03:28PM-03:31PM (3:23) Bobby Osborne “Pathway of Teardrops” from Original (2017) on Compass Records (http://www.compassrecords.com) New — One written by Webb Pierce, June Hazelwood and Wayne Walker. Bobby Jr., Wynn and Robby Osborne also play on this one.
03:31PM-03:35PM (4:01) Front Country “Millionaire” from Other Love Songs (2017) on Organic Records New — From their latest album.
03:35PM Set break
03:36PM-03:38PM (2:57) Dennis Stroughmatt “Faded Love” from Wrong Side Of The World on Music Mill Entertainment — Dennis Stroughmatt's tribute to Ray Price, "Talk to My Heart", takes place tonight at The Focal Point in Maplewood, 8PM start time.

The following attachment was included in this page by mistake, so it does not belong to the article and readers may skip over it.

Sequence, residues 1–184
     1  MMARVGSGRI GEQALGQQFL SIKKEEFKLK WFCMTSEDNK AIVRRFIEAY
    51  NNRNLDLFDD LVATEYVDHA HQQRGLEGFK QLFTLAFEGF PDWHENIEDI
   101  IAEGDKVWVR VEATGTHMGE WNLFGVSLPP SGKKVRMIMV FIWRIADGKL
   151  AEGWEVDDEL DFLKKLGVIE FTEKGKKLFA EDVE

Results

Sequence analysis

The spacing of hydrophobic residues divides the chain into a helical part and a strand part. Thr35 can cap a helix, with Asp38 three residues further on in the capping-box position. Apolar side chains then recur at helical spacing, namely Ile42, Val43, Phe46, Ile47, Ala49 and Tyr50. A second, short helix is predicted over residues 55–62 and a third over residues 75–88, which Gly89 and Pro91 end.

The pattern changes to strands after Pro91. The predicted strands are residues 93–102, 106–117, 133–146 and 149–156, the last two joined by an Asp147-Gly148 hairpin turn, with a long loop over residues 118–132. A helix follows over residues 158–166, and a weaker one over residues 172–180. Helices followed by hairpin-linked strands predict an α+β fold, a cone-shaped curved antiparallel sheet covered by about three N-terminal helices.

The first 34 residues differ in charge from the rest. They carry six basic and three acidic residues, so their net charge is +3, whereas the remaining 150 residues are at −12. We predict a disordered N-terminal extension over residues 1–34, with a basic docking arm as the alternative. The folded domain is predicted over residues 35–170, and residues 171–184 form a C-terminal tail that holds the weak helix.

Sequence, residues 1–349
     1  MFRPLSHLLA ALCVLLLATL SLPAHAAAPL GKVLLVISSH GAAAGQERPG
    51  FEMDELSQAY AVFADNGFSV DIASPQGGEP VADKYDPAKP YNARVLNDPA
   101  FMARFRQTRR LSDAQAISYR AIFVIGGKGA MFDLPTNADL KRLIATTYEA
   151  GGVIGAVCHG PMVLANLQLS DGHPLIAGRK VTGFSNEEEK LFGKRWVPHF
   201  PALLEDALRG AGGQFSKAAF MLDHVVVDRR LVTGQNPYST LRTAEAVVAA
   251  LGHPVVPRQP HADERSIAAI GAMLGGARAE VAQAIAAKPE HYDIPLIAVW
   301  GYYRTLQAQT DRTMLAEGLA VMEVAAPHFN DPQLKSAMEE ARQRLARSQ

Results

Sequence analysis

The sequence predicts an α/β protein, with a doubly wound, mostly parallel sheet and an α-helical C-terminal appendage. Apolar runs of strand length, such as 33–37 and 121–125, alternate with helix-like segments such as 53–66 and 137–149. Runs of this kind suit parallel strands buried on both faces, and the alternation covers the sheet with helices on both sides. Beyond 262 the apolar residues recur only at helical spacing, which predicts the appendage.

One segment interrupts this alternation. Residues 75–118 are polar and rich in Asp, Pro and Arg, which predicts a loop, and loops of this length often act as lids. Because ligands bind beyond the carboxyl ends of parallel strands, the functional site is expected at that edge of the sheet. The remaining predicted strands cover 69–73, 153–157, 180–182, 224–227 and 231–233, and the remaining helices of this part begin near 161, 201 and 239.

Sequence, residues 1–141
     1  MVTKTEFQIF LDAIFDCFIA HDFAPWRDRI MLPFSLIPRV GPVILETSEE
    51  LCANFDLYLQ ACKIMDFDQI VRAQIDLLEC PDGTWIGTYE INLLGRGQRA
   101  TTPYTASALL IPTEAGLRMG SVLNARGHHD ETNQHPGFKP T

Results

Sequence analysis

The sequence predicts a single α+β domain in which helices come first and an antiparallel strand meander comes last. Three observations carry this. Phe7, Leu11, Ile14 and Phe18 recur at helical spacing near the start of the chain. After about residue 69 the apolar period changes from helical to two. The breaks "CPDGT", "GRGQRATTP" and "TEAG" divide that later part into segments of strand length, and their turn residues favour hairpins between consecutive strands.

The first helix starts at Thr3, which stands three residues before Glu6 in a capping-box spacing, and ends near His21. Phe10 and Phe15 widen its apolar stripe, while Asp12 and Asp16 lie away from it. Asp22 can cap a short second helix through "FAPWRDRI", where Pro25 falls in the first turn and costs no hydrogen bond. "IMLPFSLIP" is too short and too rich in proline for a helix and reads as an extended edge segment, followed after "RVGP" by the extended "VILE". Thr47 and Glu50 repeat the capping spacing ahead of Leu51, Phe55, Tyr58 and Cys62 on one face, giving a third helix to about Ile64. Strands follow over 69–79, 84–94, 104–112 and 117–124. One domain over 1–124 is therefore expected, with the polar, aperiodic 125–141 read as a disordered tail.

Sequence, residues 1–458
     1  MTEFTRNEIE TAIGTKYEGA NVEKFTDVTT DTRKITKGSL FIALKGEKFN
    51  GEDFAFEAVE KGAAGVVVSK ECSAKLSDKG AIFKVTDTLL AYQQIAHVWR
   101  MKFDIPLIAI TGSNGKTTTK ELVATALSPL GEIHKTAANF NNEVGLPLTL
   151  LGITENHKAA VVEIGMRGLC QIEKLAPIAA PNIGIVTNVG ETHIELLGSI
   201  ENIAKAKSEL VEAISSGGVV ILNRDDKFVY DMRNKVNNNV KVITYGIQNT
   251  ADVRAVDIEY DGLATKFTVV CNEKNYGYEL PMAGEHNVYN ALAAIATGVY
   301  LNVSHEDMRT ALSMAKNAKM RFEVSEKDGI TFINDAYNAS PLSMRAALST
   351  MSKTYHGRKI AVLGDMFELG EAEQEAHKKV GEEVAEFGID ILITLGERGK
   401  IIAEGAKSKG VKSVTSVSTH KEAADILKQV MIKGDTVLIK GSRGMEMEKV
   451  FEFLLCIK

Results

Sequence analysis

03:40PM-03:43PM (2:37) Willie Nelson “Don't You Ever Get Tired (of Hurting Me)” from For the Good Times: A Tribute to Ray Price (2016) on Legacy — Sometimes it's hard to keep up with prolific recording artists. Willie's tribute to his pal, Ray Price, was somewhat overlooked when it came out last year.
03:41PM-03:43PM (2:47) Ray Price “Take Back Your Old Love Letters” from Time (2002) on Audium — A classic Ray Price shuffle, written by the man himself.